No, I don't understand this, not completely, but I love it anyway.
The colour, first, is very well done and beautiful. It is predominantly palely neutral; the slightly darker skin tones of 'the little creatures' and 'the main character' providing subtle contrasts. On either side, the painting is injected with bright colour: teal blue fading in on the left, red autumn hair on the right. These lovely hints lift the piece, adding both emotion and brightness to the thoughtful and depressive atmosphere.
At the centre are the four 'creatures', incongruous little things occupying their own space of reality through their strange poses and gravity-defying positions. They are the starting point of this visual journey, but the eye is constantly drawn back to them again and again, every time seeing something new. Even without your description, their individual personalities become evident in the lines of their slight faerie bodies and the mixed expressions of submission, disdain, bemused inquiry, and quiet purpose. They are beautiful in a sometimes classic, sometimes imperfect, sometimes unnerving way, and it is this very quality that makes them so striking - and mesmerising.
The main character is different from the creatures, and she holds her own restrained loveliness in the gentle tilt of her neck, the subtle dark flick of her eyelash, and the elegant poise of her hands beholding the lily. You're quite right - the black of her shirt contrasts starkly with the tone of her complexion and further emphasis her ballerina-like grace. It further creates a very dramatic block of dark colour that draws the eye as equally as the creatures. I love that single, almost invisible strand of wayward hair escaping the severe bun to curl behind her ear. It's so slight as to be almost invisible but it nevertheless adds that sense of 'untidiness' even if it isn't noticed at first glance. You might consider making it a little more evident as it tends to blend in with the similarly reddish tone of her cheek.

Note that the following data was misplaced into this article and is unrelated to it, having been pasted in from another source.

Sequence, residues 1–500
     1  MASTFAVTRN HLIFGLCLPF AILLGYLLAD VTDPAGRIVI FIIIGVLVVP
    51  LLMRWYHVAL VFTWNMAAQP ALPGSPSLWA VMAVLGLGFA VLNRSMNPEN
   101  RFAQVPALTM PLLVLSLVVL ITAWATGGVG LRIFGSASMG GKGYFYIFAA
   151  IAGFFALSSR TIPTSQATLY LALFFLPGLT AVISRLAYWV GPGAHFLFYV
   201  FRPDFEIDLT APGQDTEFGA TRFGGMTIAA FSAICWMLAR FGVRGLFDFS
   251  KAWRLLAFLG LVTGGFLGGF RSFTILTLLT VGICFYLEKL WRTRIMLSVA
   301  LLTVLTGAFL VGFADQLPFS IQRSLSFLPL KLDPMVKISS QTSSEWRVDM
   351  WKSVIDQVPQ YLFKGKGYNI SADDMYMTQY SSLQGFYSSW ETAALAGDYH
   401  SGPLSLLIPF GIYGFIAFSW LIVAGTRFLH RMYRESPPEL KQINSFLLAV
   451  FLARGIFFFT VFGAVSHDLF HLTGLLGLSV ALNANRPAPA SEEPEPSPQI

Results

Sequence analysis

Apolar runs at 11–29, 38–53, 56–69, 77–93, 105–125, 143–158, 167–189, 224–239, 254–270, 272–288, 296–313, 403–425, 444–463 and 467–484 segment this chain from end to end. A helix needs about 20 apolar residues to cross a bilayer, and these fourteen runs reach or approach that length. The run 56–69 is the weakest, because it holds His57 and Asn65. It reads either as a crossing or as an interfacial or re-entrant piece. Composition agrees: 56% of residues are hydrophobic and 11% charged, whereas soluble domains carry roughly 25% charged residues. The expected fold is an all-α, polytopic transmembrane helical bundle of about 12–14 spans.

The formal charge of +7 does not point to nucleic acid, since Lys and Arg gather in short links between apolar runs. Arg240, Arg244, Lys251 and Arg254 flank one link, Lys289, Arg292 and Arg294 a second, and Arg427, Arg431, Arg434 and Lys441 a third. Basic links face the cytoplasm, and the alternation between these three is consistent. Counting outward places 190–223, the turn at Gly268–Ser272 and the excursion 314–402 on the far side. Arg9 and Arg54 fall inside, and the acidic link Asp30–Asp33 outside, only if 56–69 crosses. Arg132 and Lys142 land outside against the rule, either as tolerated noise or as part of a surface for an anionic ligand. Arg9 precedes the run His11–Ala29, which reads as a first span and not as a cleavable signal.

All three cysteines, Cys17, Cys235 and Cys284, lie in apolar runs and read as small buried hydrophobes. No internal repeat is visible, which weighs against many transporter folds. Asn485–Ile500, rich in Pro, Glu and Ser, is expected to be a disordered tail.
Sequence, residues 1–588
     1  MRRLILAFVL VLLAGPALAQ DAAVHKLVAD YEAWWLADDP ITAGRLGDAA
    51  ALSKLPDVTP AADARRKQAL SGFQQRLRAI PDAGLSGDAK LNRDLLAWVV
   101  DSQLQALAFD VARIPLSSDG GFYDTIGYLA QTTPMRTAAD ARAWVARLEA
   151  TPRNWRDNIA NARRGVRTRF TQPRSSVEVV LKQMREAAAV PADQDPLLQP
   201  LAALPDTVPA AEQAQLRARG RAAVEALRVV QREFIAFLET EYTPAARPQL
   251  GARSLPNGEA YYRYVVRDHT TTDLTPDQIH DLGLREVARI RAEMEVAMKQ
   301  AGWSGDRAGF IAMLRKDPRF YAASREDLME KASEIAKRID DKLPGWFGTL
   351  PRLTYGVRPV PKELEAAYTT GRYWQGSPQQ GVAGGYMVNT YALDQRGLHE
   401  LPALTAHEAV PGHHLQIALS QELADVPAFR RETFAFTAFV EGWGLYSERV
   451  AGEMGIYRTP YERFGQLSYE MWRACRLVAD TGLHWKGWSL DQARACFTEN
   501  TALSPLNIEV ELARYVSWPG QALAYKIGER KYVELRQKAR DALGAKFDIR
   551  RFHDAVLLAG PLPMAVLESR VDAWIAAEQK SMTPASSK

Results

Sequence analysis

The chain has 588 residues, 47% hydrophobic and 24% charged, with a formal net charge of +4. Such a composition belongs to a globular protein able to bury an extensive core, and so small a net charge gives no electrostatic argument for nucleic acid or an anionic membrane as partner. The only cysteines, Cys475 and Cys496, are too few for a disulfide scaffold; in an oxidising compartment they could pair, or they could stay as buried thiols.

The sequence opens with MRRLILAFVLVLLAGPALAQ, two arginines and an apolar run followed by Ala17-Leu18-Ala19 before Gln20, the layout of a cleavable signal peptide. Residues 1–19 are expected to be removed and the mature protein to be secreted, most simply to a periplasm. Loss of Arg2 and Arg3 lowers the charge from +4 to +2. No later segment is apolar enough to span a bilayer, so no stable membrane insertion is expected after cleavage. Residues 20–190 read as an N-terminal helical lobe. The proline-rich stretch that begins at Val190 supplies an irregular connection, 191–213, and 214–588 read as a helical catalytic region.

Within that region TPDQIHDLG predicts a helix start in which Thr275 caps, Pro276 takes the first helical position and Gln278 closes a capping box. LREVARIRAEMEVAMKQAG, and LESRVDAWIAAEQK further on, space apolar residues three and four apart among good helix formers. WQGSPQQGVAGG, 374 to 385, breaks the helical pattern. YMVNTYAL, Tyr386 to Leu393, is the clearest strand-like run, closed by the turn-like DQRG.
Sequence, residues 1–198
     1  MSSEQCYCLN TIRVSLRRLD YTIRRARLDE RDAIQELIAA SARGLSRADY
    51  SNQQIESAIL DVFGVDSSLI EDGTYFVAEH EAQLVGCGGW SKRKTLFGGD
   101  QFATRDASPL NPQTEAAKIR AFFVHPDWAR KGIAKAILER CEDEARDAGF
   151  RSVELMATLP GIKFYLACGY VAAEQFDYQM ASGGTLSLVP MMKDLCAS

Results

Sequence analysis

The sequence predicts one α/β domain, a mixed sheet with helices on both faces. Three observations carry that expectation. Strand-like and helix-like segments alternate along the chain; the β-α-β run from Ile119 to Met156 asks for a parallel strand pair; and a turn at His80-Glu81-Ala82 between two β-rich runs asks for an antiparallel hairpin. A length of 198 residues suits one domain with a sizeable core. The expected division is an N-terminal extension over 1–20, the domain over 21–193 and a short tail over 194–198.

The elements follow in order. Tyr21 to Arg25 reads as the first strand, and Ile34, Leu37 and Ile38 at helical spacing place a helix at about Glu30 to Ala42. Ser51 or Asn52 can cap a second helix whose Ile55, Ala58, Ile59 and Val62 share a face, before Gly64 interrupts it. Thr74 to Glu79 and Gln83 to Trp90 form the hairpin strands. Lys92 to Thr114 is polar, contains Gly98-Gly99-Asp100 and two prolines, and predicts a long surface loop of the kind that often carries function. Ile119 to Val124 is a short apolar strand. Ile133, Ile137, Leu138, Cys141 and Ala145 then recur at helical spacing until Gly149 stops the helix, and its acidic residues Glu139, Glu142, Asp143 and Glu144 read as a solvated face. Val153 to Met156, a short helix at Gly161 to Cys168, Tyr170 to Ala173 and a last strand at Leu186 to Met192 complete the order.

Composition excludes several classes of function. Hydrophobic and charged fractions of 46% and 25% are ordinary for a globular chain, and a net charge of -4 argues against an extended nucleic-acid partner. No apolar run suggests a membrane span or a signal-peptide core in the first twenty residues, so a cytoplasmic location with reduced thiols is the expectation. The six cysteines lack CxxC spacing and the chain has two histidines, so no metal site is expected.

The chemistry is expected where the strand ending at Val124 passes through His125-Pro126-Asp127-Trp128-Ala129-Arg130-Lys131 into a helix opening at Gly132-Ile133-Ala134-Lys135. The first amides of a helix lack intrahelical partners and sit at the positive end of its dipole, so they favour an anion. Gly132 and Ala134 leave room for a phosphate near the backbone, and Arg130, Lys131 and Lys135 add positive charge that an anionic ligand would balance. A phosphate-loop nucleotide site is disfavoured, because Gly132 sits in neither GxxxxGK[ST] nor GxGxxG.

Not only your major elements, but your background is equally mesmerizing. At first it seems to be simple white space, but it is in fact full of faint textures and patterns. The hints in each corner of leaves and trees, seemingly at odds with the indoor setting behind the girl, adds to a feeling of surreality. But not too much. It is simple enough not to disorientate the viewer with its peculiar content, and revels in that simplicity. the tree branches on the right are especially well-placed, I feel. With such a subtle background image, it would be easy to get their look or placement wrong. They come in delicately, finger-like and not too obviously, gently fading into the pale peach - like sudden fireworks just as suddenly dying out.
I really adore the two origami pieces as well. They act like visual quote marks, beginning with the lily and ending with the fish. It feels like the essentially inanimate lily becomes the fish, travelling through every point of contact and finally emerging as a being of free movement. I'm not particularly sure how this relates to 'Serotonin' particularly, but it's wonderful.
The desk, pen and paper, also done in low-contrasting tones, provide a bit of background information about the main character without distracting from the main images. What does this tell us about her? Maybe that she is a writer, or an artist, or someone simply using this stash to while away the time making origami flowers. Whatever it is, it sets her in the real world. Along with the walls, it ties her to the tangible even as she has links to an intangible reality through the creatures.
Like your other works, Serotonin is full to bursting with details both immense and infinitesimal from the filament hairs of the creatures to the fleur-de-lis like wallpaper. From the origami lily and goldfish to the clawed tree branches reaching from somewhere beyond the edges of the picture. You put yourself into this painting and there is beauty in every line because you make it so. Thank you, for 'Serotonin'.